The only tiny problem with this approach is that you will get errors like this when navigating into the authentication node of the web service in the IIS Admin console:

IIS Admin console error message

When you dismiss the error message, the authentication section looks like this, with “Retrieving status…” in the status column for all authentication types:

IIS Admin console showing the Authentication section

The web service continues to operate just fine, but the admin console can’t handle the encrypted identity impersonation. If you need to make other changes to the authentication settings through the console, just remove the <identity> tag from the web.config, make the changes, then put the <identity> tag back when you’re done.

Finishing Up

One last thing that you should probably do is make some changes to your web.config transformation files (if you have them) so that the identity impersonation, anonymous access, and CORS changes are not deployed to your test and production servers (which will use the built version of your React app):

<?xml version="1.0"?>
<configuration xmlns:xdt="http://schemas.microsoft.com/XML-Document-Transform">
  <system.web>
    <compilation xdt:Transform="RemoveAttributes(debug)" />
    <identity xdt:Transform="Remove" />
  </system.web>
  <system.webServer>
    <security>
        <authentication>
            <anonymousAuthentication xdt:Transform="Remove" />
        </authentication>
    </security>
    <httpProtocol>
      <customHeaders>
        <add name="Access-Control-Allow-Origin" xdt:Locator="Match(name)" xdt:Transform="Remove" />
      </customHeaders>
    </httpProtocol>
  </system.webServer>
</configuration>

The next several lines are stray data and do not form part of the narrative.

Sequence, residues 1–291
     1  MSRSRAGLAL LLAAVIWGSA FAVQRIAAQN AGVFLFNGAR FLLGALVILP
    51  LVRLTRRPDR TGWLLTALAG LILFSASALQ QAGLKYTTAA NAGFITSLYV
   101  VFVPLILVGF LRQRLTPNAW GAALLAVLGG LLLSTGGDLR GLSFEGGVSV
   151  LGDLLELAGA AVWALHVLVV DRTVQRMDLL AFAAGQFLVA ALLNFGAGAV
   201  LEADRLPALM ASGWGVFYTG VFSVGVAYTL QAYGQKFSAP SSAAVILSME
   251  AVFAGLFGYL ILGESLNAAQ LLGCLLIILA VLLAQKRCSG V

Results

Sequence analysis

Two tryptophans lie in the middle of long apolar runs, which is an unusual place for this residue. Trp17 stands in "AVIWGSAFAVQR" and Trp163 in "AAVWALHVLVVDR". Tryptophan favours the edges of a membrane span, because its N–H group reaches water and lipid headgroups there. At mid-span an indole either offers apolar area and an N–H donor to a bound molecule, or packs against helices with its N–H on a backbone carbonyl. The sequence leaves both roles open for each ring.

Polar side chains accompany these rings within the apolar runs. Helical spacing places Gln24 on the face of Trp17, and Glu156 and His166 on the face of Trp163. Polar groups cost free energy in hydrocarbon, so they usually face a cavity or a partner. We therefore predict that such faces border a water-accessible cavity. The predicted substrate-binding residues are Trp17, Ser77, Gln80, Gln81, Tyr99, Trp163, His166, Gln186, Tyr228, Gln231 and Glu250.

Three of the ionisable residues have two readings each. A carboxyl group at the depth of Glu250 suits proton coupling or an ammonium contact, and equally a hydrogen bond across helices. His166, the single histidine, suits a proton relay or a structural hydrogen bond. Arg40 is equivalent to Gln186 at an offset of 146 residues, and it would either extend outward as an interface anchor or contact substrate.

If you’re in a team of developers and they don’t wish to use identity impersonation in their development copies of the web service (and also don’t want to keep commenting out the <identity> tag each time they do a git pull or svn update), they can just create an IdentitySecrets.config file as follows:

<identity impersonate="false" password="whatever" userName="nobody" />

Enabling anonymous authentication (so that React can access the API unhindered) may also mean you have to change the way you’re identifying users in your web service. Instead of using System.Web.HttpContext.Current.User I had to change to using System.Security.Principal.WindowsIdentity.GetCurrent() (which seems to identify the current user correctly, whether I’m using anonymous+impersonation or Windows authentication by itself).

Enjoy.

2 thoughts on “Developing in React with an API hosted in IIS

  1. My blog must have thought it was spam since it contained URLs and blocked it. I’ve now approved it. To answer your question, you don’t want to call your API on port 3000 because it doesn’t run on port 3000 (the “npm start” web server), it should be running on port 80 (I presume). Also, try getting it to work first without encrypting the identity impersonation bit (that’s too much effort until you can get it to work plainly).

    Also, I didn’t set baseUrl in my React app because I didn’t want to mess with its own routings. All I’m doing is just calling localhost/api directly in my Axios requests within the app, no port 3000 anywhere in my Axios calls. And thanks for pointing out my type. It’s now fixed :-)

  2. I’ve been looking for a solution for this same problem and this idea sounds promising. However, it’s not working for me. When I use an encrypted identity section I get an error when I try to hit my API: “The requested page cannot be accessed because the related configuration data for the page is invalid.” When I put the credentials straight in the config I still get 401 unauthorized errors. My API requires windows auth.

    Also, where you say “make a call to http://localhost/myapi from your http://localhost:3000 React app, and it should work nicely”, should that say “make a call to http://localhost:3000/myapi?” I don’t know why it would drop the port.

    Secondly, I assume your API is hosted in local IIS. Did you set a baseUrl in your React app to point to that URL? The default is to use the same as the app, so it would still try to hit localhost:3000, which, unless you made other changes and are somehow hosting your API on the same port as your React app, I don’t see how this would work.

    Lastly, you have a typo in your aspnet_regiis command. You have apsnet instead of aspnet. Took me a good while to see that and realize why the command wasn’t working for me.

    Thanks!